Goodbye June, a trio of cousins born out of tragedy


Photo courtesy of CVR Music Rock ‘n’ roll trio Goodbye Une is a family affair born out of tragedy

Photo courtesy of CVR Music Rock 'n' roll trio Goodbye Une is a family affair born out of tragedy
Photo courtesy of CVR Music
Rock ‘n’ roll trio Goodbye June is a family affair born out of tragedy

Jason Wiese | Culture Editor
Published April 14, 2015; 12:25 p.m.

Goodbye June sound a bit like the lovechild of Lynryrd-Skynyrd and Nirvana. As bizarre as that may sound, this trio of cousins take that moniker and make it sound like an essential recipe for rock ‘n’ roll, with heart being the prime ingredient.

The familial trio, made up of guitarists Tyler Baker and Brandon Qualkenbush and singer Landon Milbourn, found their calling to pursue their dream after reuniting through a tragic event that brought them closer.

“In 2005, my brother, PFC Shane Baker, he passed away while he was home on military leave,” said Baker. “He had a tragic car accident.”

Qualkenbush and Milbourn grew up close by in Atlanta, Georgia, but headed to Indiana to be there for Baker and his family in their time of need. The cousins ended up living together for about a year, during which the three would pass time writing songs as a way of therapy, but it would soon turn into a motivation to pursue a life-long dream.

“It was a real emotional time for me,” says Baker about dealing with the loss of Shane. “I know it changed me. I had always loved music before, but when he passed away, something biologically or emotionally changed in me to where [I was just] like, ‘I’ve always wanted to be a musician. I’m going to be a musician.’”

Qualkenbush adds, “To us, [Shane] was invincible… [After his death], it was just like, ‘Man, it could happen at any moment. You’re not going to live forever.’ So we were like, ‘Just lay everything down and do what we actually want to do.’”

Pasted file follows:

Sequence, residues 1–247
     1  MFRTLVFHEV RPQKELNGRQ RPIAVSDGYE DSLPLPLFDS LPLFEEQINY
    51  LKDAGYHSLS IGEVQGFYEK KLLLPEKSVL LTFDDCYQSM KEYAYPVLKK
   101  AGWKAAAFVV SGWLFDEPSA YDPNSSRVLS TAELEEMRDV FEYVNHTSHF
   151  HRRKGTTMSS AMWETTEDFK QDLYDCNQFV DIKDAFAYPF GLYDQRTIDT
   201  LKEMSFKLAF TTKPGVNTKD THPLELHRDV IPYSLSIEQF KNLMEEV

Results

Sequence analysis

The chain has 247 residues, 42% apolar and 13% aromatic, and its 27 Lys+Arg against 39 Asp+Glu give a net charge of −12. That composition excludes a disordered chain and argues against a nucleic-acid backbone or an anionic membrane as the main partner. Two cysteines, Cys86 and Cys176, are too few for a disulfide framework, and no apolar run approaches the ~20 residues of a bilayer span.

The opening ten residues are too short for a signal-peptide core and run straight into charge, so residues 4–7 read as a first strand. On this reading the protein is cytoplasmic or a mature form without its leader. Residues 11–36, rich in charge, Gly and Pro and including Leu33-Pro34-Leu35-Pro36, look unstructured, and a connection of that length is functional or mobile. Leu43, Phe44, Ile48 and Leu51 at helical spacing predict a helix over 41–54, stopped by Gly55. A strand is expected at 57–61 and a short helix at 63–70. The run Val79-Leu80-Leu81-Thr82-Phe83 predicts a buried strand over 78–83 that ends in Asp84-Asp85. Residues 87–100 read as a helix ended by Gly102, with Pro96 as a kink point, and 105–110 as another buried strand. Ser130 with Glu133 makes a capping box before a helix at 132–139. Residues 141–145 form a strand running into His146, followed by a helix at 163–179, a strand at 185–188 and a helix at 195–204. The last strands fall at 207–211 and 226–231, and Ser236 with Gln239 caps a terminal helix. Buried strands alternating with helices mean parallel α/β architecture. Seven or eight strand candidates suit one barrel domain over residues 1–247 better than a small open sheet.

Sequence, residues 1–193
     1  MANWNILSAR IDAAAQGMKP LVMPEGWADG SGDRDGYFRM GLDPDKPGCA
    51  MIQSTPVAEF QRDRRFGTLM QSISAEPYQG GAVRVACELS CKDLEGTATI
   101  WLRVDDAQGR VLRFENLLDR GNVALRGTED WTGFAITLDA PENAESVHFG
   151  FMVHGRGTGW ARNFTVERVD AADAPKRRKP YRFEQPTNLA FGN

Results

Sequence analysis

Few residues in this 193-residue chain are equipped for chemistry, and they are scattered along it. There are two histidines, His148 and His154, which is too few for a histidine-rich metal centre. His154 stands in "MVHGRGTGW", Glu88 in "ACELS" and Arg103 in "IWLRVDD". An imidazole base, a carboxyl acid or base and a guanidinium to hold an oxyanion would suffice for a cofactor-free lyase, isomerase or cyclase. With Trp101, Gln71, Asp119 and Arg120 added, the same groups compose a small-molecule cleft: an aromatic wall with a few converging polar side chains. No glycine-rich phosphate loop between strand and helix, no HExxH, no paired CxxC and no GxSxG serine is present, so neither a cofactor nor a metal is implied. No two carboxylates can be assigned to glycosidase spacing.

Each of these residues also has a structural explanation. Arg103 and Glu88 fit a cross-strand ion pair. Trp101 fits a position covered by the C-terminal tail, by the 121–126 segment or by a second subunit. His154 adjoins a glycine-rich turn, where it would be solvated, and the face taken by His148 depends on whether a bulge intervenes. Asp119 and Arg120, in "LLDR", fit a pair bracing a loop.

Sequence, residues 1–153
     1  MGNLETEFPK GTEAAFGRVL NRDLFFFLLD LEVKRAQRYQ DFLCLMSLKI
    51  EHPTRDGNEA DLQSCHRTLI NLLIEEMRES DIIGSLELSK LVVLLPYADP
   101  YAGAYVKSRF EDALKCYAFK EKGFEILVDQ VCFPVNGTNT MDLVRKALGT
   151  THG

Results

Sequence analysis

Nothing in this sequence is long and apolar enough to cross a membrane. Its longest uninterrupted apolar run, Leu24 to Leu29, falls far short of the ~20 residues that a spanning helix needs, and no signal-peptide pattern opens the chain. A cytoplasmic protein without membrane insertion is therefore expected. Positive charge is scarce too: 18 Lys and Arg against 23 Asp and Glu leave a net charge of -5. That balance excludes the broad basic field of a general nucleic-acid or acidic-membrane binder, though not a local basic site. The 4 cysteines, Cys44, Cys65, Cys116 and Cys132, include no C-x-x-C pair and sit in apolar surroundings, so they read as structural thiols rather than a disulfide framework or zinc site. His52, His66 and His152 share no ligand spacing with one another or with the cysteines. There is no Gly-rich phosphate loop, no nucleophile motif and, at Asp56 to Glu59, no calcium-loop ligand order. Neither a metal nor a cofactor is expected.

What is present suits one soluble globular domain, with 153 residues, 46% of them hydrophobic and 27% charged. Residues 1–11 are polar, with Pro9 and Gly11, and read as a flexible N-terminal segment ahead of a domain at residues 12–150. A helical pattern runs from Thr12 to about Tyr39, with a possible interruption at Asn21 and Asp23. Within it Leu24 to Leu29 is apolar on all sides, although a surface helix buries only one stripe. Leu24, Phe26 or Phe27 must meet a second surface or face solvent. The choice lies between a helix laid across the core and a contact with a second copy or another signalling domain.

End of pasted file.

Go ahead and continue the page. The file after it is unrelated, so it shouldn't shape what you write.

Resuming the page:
In 2009, the cousins packed up and moved to Nashville, Tennessee, to pursue a career, gave their band a name as a tribute to Shane’s passing in the month of June and eventually got signed with Cotton Valley Records in 2012, who produced their debut album “Nor the Wild Music Flow.” The 11-track album helped personify their style and the influence their fallen family member had on them. They often find Shane’s influence in their music.

“We obviously have written songs to try to memorialize him and different things,” says Qualkenbush. “We, actually, really haven’t written ‘that’ song quite yet… There’s several little lines here and there scattered throughout songs, just little hints of him. But we haven’t written that one song that’s ‘his’ song and it’s about him specifically.”

“I think it’s overall, in the passion that we have, the way we play live or even in the studio, it’s kind of in everything that we do, really,” says Milbourn of Shane’s influence. “It’s just that drive, because it is what made us want to do this full time, so even though we hadn’t written that song yet, I think it’s just, kind of, in every song. His message and what he taught us is a part of us now and until the day we die.”

That drive lives on in the music the band has been preparing for their upcoming sophomore album, which has yet to be titled, that they expect to release late this summer. They will perform new tracks and their past songs, at a “sweaty, dirty rock and roll show,” which will also feature local favorite Clockwork, at the Old Rock House in St. Louis, Missouri, this Friday, April 17, at 8 p.m. They bring a great sense of personality to their shows and proving yet another philosophy that they have learned and have managed to prove on their own.

“They always say, ‘If you do what you love for a living, it’s not work’ and we’ve been privileged enough to experience that for a little bit,” says Qualkenbush. “And, hopefully, it continues on.”

To enter to win free tickets to Friday’s concert, visit